EDU 6989: Full Inclusion and Accommodations

This blog posting will focus on a growing issue concerning with special education students. The issue is if full inclusion is the best option for students with disabilities? Like any controversial issues, there are advocates supporting the notion that full inclusion is the best option as well as many who are in opposition. If students with disabilities were to be fully included then changes would have to be made. The curriculum and teaching styles will need to be changed, as well as teachers will have to pay closer attention to the social dynamic of the students (Scheuerman, 2013). These advocates who are in support of full inclusion feel that it will reveal not what can’t be done but rather what isn’t being done to support these students. They believe that any teacher committed to excellence would want to make changes in curriculum, instruction, and classroom management to better suite all students (Scheuerman, 2013). Those in opposition feel that students, especially those with disabilities benefit from a wide range of services, from full inclusion to separate classrooms (Scheuerman, 2013). Furthermore, they believe that full inclusion will not create self-directed learners. Scheuerman (2013) states that, “inclusion sacrifices remediation for compensation; that is, adapting the learning environment rather than focusing instruction on necessary academic skills (p. 2). Those in opposition feel that the pull-put model fully meets the needs of the students across the wide development continuum.

Whether you are an advocate for full inclusion or are in opposition, the one thing that stands true for special education students is the type of services they will receive. More specifically the types of accommodations received in school. Many are in total support of providing accommodations towards children in special education. As always, there are many who are opposed to accommodations, believing that they are enabling special education students and are denying the opportunity to achieve greater independence. So what exactly is an accommodation? According to Evans (2008) an accommodation is, “an adjustment to an activity or setting that removes a barrier presented by a disability so a person can have access equal to that of a person without disability” (p. 317). Even with this definition of accommodation, there is still a great deal of confusion. This is the case because many times these accommodations help students out, but other times these accommodations seem to give an unfair advantage or make work too easy for the student (p. 317). Those in opposition of full inclusion believe that if an accommodation were to be made, then it must be available to the entire class. This will result in the pace slowing and narrowing (Scheuerman, 2013).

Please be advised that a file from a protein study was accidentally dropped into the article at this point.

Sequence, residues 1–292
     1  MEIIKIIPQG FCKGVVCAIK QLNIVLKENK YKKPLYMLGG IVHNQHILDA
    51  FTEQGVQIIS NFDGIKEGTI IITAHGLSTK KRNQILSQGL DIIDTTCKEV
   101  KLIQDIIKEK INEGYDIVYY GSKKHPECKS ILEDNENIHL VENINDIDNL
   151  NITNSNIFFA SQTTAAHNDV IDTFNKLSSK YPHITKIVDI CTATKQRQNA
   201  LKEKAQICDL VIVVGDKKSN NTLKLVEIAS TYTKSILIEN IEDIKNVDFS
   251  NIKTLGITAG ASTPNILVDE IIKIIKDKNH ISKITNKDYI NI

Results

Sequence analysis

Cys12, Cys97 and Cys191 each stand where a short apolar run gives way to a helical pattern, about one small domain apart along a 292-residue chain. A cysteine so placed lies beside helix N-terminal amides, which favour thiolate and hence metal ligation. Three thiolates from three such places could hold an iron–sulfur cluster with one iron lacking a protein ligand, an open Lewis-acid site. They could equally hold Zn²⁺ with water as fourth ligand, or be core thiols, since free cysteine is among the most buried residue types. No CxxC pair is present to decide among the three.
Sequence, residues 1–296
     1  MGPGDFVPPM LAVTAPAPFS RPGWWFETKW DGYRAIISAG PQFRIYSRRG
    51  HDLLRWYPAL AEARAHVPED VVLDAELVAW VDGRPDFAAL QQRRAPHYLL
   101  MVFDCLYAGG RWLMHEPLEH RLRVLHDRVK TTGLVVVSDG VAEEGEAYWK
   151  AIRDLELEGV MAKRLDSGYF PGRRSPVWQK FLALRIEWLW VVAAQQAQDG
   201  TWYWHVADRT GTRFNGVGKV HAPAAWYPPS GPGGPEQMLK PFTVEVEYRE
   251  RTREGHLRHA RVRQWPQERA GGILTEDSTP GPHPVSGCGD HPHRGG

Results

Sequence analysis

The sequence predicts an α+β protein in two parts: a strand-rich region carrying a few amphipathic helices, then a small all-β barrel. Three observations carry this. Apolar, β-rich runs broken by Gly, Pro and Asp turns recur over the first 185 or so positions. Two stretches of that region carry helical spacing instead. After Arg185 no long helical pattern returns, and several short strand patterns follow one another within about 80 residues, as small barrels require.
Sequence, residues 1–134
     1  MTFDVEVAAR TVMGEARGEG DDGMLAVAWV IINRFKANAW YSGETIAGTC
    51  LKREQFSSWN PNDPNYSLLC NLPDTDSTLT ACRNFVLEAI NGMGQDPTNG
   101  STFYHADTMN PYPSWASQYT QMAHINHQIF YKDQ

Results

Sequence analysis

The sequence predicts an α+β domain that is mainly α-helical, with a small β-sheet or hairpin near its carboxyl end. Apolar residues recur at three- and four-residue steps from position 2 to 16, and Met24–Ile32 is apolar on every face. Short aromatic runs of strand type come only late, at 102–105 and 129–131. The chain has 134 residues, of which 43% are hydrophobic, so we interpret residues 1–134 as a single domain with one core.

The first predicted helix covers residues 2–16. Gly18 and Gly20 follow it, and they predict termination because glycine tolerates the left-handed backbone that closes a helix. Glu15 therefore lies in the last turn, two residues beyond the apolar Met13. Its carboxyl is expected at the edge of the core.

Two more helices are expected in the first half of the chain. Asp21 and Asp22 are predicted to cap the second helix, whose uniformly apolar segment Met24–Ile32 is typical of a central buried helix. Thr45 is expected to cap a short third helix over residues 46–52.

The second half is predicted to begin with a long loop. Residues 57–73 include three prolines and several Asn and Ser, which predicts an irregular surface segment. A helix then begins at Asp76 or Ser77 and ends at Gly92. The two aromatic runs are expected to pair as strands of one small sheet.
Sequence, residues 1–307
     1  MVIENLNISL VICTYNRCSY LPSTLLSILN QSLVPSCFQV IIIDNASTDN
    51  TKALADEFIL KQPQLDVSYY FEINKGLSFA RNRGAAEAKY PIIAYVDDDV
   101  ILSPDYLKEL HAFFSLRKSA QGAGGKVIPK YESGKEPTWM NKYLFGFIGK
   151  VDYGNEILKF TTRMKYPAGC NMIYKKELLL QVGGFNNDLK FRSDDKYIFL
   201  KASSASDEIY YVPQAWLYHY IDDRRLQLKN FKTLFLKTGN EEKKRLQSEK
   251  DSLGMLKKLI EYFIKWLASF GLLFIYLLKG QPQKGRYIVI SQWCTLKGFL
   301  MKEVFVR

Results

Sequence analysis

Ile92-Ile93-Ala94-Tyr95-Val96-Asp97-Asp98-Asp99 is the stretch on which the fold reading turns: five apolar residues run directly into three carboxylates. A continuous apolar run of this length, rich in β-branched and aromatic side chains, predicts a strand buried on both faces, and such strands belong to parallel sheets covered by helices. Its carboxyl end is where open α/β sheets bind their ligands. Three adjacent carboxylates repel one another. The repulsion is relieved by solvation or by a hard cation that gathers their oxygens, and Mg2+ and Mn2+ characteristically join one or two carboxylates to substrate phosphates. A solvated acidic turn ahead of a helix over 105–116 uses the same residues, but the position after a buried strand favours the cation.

I personally feel that full inclusion is not the ideal solution for providing students with disabilities the attention and services they require. I believe this because of the growing number of students classified as special education – that there is not enough time or space to ensure quality learning for each and every student. These separate classrooms can provide the necessary accommodations without limiting the entire mainstream class. Likewise, I feel that accommodations are vital for the success of special education students. I believe that great thought and planning must be done prior to any accommodations that will be made ensuring that we as educators are removing barriers for the student’s success, rather than making work easier to complete. Overall, I feel that there is no simple answer or solution pertaining towards the needs of students with disabilities. We must do things in the best interest of special education students, as well as keep in mind the best interest of the rest of the general population too.


Evans, D. L. (2008) Taking Sides: Clashing Views of Controversial Issues in Teaching and Educational Practice. New York, NY: McGraw-Hill.

Scheuerman, R. (2013, April 10). EDU 6989 Course Lecture – Session 3: Special education and exceptionalities.



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